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Feast Day of October 17
Ignatius was Bishop of Antioch after Saint Peter and Evodius, who died around AD 67. Eusebius (Historia Ecclesiastica, II.iii.22) records that Ignatius succeeded Evodius. Making his apostolic succession even more immediate, Theodoret (Dial. Immutab., I, iv, 33a) reported that Peter himself appointed Ignatius to the see of Antioch.
Besides the Latin name, Ignatius, he also called himself Theophorus ("God Bearer"), and tradition says he was one of the children Jesus took in His arms and blessed. Ignatius was most likely a disciple of the Apostle John.
Ignatius is generally considered to be one of the Apostolic Fathers (the earliest authoritative group of the Church Fathers) and a saint by the Roman Catholic Church, Lutheran Church, Eastern Orthodox Church and Anglican/Episcopal Church who celebrate his feast day on October 17, and the Orthodox and Eastern Catholic churches, who celebrate his feast day on December 20. Ignatius based his authority on living his life in imitation of Christ.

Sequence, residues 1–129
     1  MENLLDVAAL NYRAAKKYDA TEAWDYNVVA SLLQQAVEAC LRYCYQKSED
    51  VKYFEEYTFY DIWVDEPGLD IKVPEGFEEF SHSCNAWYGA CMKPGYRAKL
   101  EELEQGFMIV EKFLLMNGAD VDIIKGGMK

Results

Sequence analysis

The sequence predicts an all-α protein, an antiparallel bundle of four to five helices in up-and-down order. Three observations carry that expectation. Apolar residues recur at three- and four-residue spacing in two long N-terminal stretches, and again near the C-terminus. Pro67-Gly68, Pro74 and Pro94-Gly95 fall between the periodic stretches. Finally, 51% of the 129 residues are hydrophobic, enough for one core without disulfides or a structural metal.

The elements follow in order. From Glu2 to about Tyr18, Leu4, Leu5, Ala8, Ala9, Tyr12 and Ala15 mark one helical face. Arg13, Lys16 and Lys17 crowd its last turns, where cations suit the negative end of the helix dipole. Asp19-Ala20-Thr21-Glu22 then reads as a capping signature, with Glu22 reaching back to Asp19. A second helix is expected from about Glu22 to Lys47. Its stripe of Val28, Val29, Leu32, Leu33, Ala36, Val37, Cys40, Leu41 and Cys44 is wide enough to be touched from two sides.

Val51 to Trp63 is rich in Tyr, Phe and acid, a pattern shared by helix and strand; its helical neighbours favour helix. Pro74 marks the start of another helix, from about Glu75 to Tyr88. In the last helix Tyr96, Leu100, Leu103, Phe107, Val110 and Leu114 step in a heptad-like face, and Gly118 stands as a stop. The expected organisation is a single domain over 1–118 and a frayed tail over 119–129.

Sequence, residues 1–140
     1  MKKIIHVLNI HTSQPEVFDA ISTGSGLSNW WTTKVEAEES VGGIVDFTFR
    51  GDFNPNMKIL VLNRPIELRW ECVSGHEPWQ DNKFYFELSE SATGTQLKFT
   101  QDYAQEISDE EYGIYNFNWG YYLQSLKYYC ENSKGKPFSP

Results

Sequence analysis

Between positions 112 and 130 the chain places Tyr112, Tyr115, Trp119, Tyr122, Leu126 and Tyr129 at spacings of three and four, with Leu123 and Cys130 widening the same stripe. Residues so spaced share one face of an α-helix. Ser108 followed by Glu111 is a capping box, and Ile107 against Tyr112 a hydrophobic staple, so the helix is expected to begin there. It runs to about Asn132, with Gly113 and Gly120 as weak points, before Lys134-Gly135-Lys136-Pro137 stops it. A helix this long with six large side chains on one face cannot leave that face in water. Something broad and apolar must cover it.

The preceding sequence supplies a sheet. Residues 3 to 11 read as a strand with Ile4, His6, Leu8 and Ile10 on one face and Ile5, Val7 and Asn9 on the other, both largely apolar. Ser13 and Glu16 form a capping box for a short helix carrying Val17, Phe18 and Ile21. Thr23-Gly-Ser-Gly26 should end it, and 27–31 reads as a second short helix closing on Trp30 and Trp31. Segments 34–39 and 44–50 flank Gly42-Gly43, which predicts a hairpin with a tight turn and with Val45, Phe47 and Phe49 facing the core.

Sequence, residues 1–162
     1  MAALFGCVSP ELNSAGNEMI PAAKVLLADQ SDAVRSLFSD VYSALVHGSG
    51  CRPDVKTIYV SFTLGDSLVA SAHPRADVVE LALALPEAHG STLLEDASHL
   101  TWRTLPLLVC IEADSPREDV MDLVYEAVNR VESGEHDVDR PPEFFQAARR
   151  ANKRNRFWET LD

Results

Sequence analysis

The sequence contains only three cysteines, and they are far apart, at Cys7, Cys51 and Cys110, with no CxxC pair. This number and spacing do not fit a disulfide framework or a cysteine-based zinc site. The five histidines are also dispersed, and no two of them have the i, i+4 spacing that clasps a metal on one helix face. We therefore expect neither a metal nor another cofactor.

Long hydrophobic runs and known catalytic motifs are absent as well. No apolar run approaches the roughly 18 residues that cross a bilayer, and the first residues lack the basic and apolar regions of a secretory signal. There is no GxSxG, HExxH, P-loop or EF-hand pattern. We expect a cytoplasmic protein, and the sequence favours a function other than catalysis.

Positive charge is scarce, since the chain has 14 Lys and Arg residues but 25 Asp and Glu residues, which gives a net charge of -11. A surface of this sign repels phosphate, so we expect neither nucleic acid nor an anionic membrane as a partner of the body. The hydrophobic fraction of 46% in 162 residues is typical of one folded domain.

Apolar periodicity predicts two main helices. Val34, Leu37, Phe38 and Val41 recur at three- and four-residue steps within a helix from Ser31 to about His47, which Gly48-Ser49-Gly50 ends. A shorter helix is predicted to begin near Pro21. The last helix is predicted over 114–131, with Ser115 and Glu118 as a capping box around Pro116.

Ignatius was arrested by the authorities and transported to Rome under trying conditions:
He died as a martyr in the arena. The Roman authorities hoped to make an example of him and thus discourage Christianity from spreading. Instead, he met with and encouraged Christians who flocked to meet him all along his route, and he wrote six letters to the churches in the region and one to a fellow bishop.
- See "Ignatius" in The Westminster Dictionary of Church History, ed. Jerald Brauer (Philadelphia:Westminster, 1971) and also David Hugh Farmer, "Ignatius of Antioch" in The Oxford Dictionary of the Saints (New York:Oxford University Press, 1987).
- The Martyrdom of Ignatius